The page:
So, pardon me for being puzzled when so little is said in the Holy Qur-an about Jesus (Isa) himself, about the basic teachings of Jesus as given in the New Testament, and of the prophecies about Jesus in the Old Testament (Holy Taurat). Likewise, long-held, established facts about Jesus Christ’s life and death are denied in the Qur-an. At the same time the Holy Quran [Qur-an 4:47] declares that what Jesus taught is true.
Those who teach in the name of Islam seem to dismiss them too. They say that both the Mosaic Law and the Christian Gospel had been corrupted in transmission, [Qur-an 16:102, footnote 2142 (King Fahd edition)]. Yet, this is held by Muslims to only apply to some matters but not to the totality of the New and the Old Testaments. And so, while respecting the Bible, certain accounts and doctrines taught in the Old and the New Testaments are rejected as erroneous (See Appendix 3, pp. 333-334, The Holy Qur-an, King Fahd edition, which includes an English translation).
Why? Is this because those Books are associated with some who outwardly professed the Jewish or the Christian faiths but who failed to live accordingly?
Have you ever thought carefully about this and have you ever wondered whether Muslims unwittingly have neglected very important and enriching parts of the Divinely revealed message? Have these been lost to Islam? Should these be re-discovered through being open to the teachings of Jesus and to the New Testament teaching about Jesus as part of their duty to God and to Islam? Should Muslims recognise this and allow their understanding of the Lord, their God, to be deepened by becoming more acquainted with their religious roots and their associated scriptures which they salute but do not absorb?
My friend, may you be guided in this matter by the One who is All-wise.
Goodbye and God be with you until we meet again.
Islam and the Holy Trinity
(Another letter to my Muslim Friend)
Greetings to you, my friend, once again. May we look at another aspect of our belief.
A seemingly insurmountable difficulty Islam has with Christianity is the Christian doctrine of the Holy Trinity, which proclaims that there are Three Persons in One God: the Father, the Son and the Holy Spirit. In his firm belief in the One Indivisible God, the Prophet Mohammed declared: “They disbelieve who say: Allah is one of three (with an editorial interpolation: ‘In a Trinity’) for there is no god except One God” [Quran 5:73].
This area of misunderstanding is just that, because Christians firmly reject polytheism, and are one with those who say, One God, not three.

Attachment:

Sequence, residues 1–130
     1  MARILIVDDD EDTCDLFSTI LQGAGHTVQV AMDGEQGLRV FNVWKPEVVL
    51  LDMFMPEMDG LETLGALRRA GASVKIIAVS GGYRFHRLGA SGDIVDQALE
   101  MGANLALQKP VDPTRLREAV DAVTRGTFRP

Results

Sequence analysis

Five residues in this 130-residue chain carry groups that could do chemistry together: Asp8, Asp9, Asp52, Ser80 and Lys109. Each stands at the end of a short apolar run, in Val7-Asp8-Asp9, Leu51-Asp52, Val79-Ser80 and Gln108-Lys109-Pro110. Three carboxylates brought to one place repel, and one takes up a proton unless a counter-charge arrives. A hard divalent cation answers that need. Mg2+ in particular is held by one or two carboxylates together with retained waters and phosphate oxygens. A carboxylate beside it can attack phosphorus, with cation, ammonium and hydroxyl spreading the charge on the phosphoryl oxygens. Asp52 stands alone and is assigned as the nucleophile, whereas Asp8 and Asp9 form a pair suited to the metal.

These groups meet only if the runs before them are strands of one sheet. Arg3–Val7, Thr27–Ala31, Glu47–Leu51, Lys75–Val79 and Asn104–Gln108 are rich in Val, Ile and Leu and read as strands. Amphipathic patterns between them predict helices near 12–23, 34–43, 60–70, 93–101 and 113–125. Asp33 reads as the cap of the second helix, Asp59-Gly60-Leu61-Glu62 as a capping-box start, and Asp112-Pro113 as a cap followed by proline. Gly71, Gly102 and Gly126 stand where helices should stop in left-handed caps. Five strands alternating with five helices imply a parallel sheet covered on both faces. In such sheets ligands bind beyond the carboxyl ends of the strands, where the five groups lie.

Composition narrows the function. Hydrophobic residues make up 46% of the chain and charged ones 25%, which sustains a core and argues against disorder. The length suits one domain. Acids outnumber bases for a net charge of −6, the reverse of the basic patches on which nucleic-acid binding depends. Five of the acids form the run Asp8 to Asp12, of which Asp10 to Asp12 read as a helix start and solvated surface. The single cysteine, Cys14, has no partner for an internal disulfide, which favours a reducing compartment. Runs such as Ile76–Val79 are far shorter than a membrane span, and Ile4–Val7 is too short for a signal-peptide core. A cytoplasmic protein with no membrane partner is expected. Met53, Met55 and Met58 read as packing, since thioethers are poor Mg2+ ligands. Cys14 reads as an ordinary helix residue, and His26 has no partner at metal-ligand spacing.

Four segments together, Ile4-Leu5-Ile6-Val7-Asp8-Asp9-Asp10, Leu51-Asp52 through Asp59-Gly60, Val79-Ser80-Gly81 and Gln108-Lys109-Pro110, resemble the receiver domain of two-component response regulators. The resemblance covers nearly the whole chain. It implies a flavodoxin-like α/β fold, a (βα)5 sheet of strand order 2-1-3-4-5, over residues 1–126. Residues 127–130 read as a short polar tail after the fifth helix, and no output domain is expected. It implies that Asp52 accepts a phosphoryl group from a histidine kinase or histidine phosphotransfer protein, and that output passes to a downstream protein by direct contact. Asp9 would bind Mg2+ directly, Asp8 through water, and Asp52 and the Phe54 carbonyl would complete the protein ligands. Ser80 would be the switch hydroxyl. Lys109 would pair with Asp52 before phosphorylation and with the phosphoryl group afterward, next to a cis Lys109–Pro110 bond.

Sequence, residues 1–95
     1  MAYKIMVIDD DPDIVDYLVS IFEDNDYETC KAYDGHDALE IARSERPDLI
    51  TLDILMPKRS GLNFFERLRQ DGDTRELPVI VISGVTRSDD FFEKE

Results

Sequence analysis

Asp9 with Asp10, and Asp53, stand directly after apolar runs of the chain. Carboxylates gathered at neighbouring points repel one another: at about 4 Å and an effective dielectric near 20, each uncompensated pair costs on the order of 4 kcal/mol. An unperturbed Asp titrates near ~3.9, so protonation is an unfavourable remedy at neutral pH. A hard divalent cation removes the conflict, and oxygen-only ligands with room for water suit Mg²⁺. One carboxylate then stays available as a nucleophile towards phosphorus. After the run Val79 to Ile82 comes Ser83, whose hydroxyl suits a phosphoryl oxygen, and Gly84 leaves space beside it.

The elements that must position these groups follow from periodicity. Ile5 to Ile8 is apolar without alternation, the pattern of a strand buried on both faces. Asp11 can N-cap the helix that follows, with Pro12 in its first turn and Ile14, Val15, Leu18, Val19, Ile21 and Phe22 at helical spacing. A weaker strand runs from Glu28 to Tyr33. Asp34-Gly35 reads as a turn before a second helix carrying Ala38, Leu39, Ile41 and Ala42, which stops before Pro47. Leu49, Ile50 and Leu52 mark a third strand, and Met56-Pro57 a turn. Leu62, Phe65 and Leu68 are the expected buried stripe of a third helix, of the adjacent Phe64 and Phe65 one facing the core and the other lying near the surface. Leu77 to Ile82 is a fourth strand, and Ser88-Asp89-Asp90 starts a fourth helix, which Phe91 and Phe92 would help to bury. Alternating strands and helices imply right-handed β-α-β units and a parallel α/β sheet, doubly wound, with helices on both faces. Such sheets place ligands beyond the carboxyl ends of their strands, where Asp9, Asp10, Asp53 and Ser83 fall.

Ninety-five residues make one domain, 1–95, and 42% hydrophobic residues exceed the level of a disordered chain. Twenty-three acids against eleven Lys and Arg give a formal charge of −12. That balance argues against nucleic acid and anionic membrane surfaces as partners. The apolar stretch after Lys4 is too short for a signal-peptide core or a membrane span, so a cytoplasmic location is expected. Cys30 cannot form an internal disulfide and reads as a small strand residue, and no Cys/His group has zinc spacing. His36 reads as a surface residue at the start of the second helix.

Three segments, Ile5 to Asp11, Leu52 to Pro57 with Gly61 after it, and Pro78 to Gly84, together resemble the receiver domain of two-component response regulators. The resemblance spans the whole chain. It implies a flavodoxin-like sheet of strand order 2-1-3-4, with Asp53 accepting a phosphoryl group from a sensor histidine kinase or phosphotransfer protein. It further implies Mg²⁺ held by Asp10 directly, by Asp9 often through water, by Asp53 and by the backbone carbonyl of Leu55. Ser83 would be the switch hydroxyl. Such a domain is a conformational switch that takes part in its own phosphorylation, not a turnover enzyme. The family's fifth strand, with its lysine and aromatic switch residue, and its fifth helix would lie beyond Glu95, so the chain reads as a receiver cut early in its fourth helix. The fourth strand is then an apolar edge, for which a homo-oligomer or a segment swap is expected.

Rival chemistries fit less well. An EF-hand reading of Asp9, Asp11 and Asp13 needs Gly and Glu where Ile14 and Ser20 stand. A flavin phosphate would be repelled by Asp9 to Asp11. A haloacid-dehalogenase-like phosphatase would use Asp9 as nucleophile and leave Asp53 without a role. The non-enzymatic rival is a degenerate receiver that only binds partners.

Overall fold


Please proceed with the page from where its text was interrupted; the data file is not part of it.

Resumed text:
To the Prophet Mohammed, to refer to God as ‘Father’ was too much like descending to the level of the local religions of his times with their pagan gods who sired offspring.
To speak of Jesus as the ‘Son of God’ was equally unacceptable: how could the eternal God could have had a son, a term which in human parlance was vested with biological rather than theological connotations; the Son, who Christians held to be the historical human person called Jesus, son of Mary. This too seemed pagan, preposterous and blasphemous. “And (they) impute falsely, without knowledge, sons and daughters unto Him…How can He have a child when there is no consort for him…?” [Qur-an 6:101-103.]
Towards better understanding
Although Christian theologians have written extensively and in-depth about the revelation that there are Three Persons in One God, they all realised that none could or would ever be able to fully comprehend or explain it. Nonetheless, Christians teach and accept it as a mystery revealed by God. But what good does this do for the perplexed Muslim?
Perhaps, Muslims may find some basis for understanding this Christian doctrine, if we begin with what the Catholic Priest and Theologian Hans Kung has said in summary on the subject:
“In the New Testament, believing in God the Father means believing in the One God. ‘Father’ should not be understood literally, as opposed to ‘mother’, but symbolically or analogously.
‘Father’ is a patriarchal symbol (with maternal features) for a primordial ultimate reality that transcends humanity and sexuality. That means – and the Qur-an has a great deal to say about this – power and at the same time compassion, care as well as protection, dependency and security.
“Understandably, however, the Qur-an, while it has ninety-nine names for Allah, avoids the name ‘Father’, which from Muhammed’s standpoint was hopelessly compromised by the tribal religions of Arabia, with their belief in the children of the gods.
“Believing in the Son of God means believing in the revelation of the One God in the man Jesus of Nazareth. In the New Testament, Jesus Christ is primarily viewed … as a human historical person, concretely related to God: the ambassador, Messiah, word of the eternal God in human form.
“Believing in the Holy Spirit means believing in God’s power and might at work among human beings in the world” (See Küng 1987:120-121).